Whitburn and Harthill, in 1872, had succeeded in forming a brass band each.  The brass band fever that seemed to be in the air was caught by a number of the young men of Armadale, who set to work to raise the necessary means to procure the requisite number of instruments.  After the town had been canvassed, and a number of county gentlemen had subscribed, the members of the would-be band found themselves in possession of £10.  This sum was out of the question as a means to purchase a set of brass band instruments, being under the price of a good bass drum; but it so happened that Grangepans Brass Band had become defunct, and on investigation it was found that their instruments could be got for a very small sum.  The sixteen young men who first proposed to constitute the band, by adding five shillings each to the £10, raised the sum in hand to £14, and with this they succeeded in making a bargain for the instruments.  Jas. M'Donald, who possessed a spring van for hawking fruit and vegetables, agreed to bring the instruments from Bo'ness, and on the 27th day of March, in the year 1873, the arrival of the instruments was signalised by a great blare of trumpets.  The members met at the Toll, and on the arrival of the instruments they took possession of them.  None of them could play a note, except one, Andrew Moffat, who had been for a short time in Leadhills Band.  He, of course, was elected leader, and the members formed into line, and with the drums beating and everyone making as much noise as they possibly could, they marched to the Buckshead Tavern, and "watered" the instruments.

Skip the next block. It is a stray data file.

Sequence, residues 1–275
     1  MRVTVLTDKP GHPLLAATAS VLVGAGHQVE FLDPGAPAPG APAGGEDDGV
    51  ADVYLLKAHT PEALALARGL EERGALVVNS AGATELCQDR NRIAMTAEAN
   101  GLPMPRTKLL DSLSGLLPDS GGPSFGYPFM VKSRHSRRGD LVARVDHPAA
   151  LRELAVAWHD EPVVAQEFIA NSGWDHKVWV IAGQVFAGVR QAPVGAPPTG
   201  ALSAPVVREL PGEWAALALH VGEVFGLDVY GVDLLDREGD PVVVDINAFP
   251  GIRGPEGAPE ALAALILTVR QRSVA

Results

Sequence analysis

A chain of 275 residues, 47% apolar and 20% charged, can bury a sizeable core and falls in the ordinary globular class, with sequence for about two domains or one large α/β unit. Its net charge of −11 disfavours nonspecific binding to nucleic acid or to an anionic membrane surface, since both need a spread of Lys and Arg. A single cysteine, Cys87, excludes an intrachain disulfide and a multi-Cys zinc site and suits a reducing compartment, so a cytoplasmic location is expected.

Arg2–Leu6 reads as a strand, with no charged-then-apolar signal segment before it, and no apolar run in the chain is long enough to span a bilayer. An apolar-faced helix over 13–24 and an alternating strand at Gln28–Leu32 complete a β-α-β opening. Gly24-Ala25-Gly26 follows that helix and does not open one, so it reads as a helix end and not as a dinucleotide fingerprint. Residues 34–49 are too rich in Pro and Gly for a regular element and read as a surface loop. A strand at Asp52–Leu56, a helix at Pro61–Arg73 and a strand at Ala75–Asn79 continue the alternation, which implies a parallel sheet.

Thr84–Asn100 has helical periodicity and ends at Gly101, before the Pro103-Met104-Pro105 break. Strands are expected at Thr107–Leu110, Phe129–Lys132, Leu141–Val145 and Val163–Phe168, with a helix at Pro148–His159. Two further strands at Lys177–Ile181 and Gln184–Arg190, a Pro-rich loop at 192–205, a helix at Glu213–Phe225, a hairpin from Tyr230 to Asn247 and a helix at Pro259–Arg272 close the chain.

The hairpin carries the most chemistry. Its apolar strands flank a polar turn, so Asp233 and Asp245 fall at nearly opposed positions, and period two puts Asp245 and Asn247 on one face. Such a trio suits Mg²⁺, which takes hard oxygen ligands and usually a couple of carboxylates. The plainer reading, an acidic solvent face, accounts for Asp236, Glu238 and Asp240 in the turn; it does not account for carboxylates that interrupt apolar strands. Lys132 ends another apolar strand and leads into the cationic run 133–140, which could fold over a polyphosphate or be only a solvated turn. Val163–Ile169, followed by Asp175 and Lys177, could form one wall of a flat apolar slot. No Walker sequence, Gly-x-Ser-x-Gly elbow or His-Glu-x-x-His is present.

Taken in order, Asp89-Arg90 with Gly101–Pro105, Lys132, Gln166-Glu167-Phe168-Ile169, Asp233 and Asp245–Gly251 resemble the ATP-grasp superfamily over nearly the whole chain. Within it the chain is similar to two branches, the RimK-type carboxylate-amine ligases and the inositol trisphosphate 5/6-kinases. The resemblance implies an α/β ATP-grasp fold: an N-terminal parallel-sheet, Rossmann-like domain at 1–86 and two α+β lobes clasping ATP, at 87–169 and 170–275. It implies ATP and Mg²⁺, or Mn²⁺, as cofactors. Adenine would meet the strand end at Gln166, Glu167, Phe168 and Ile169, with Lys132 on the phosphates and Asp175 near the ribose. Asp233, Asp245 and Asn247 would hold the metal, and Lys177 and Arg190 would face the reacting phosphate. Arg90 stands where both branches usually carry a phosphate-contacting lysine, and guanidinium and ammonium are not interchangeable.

About the same time, a number of the younger men of the town succeeded in organising a Flute Band, and at once there was a musical rivalry, but those of the Brass Band felt and acted as if a Flute Band was far beneath their notice.